Sano, Park and Buxton: Miguel Sano and Byung Ho Park continue to hit around .300. Sano has only one home run this spring, but he also has five extra-base hits and 11 walks, which leads the team. Park has 13 hits, three home runs, 13 RBIs, but also 12 strikeouts. Buxton’s average continues to head north, although slowly. He’s now hitting .225 after hitting under .200 earlier in the month.

Life’s not fair: If anyone deserved to make the team, it would appear to be outfielder Darin Mastroianni who hit .414 this spring. Instead, he did not make the team and will start the year at Triple-A Rochester.”>

March 25, 2016

Remembering Calvin Coolidge Ermer, baseball manager

Calvin Coolidge Ermer, who managed the Twins for part of 1967 and all of 1968, is one of 991 players in major league history to appear in one game, according to That moment for Ermer, better known as a “cup of coffee” in baseball terms, came on Sept. 26, 1947 with the Washington Senators.... Continue Reading »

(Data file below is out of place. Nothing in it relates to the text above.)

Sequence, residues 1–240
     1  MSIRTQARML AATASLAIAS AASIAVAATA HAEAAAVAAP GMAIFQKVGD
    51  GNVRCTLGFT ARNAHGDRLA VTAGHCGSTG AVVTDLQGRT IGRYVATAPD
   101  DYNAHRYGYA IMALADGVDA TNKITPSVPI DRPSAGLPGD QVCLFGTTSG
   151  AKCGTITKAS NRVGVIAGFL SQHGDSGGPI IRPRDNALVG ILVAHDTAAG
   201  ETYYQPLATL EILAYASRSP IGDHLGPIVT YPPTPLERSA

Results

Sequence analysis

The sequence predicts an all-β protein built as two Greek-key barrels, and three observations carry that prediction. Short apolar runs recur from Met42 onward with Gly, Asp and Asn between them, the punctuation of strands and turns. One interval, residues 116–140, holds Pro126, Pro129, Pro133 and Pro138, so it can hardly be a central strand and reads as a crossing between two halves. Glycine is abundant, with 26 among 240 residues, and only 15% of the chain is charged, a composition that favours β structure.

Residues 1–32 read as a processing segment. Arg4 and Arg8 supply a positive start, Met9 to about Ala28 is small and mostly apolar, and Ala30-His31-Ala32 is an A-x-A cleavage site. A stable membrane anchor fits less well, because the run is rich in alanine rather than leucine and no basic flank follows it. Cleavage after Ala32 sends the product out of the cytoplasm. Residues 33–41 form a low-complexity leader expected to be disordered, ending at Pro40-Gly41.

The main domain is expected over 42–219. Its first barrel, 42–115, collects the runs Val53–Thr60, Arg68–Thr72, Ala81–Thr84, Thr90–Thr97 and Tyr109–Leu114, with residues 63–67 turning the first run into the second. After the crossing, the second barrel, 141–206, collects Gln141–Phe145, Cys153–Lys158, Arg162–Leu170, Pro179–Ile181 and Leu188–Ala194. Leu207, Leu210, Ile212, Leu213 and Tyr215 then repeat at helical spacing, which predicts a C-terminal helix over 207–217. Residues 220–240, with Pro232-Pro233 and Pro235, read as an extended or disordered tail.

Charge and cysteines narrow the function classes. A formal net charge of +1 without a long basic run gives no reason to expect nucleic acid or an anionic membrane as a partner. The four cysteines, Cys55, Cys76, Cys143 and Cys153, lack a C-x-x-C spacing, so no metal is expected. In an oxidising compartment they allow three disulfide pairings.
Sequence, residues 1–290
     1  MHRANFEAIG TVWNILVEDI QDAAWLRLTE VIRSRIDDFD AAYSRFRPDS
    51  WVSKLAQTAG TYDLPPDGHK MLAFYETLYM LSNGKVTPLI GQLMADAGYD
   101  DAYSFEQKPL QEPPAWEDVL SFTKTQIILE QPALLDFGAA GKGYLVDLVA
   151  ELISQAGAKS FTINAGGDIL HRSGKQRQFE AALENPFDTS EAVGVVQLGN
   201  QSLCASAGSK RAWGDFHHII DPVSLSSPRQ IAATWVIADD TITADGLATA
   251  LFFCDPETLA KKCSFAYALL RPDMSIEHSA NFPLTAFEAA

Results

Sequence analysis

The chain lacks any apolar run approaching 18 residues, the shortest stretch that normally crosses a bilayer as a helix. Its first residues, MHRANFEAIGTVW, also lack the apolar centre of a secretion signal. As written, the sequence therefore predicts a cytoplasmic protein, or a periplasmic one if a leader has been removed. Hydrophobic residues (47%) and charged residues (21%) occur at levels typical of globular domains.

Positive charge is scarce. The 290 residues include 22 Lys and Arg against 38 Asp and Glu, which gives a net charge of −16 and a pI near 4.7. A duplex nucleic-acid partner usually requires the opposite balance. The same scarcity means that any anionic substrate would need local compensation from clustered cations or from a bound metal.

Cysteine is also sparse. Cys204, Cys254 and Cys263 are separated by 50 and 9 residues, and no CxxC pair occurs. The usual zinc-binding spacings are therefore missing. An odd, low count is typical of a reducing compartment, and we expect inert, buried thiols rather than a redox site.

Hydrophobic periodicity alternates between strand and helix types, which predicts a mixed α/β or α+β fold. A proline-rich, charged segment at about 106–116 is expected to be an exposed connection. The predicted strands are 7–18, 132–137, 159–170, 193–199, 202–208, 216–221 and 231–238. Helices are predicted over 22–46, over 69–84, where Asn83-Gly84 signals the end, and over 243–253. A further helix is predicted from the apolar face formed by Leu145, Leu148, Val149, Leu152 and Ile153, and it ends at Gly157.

March 20, 2016

Here’s what I’ve learned about the Twins after the third week of Spring Training

The Twins returned to winning form through Saturday (March 19), finishing the week with four wins and a loss to improve to 9-7-1 overall. Most notably, the offense stepped it up, getting blowout victories over the Orioles and Red Sox. Byung Ho Park, Miguel Sano, Brian Dozier and Trevor Plouffe continue to hit, as do... Continue Reading »

March 13, 2016

Here’s what I’ve learned about the Twins after the second week of Spring Training

After the Twins started Spring Training with a record of 3-1-1, the team slipped to 5-6-1 through Saturday (March 12). Despite the losing record — it’s Spring Training, right? — there still have been encouraging signs for the upcoming regular season. Here’s what I noticed: -Byung Ho Park: Park’s signing is beginning to look like... Continue Reading »

March 7, 2016

Here’s what I’ve learned about the Twins after the first week of Spring Training

The first week of Spring Training is in the books — the Twins started play on Wednesday — and the Twins finished the week with a 3-1-1 record. Not that Spring Training records mean a hoot, but as a fan I’m encouraged by any signs of a potentially winning regular season. Here’s what I noticed:... Continue Reading »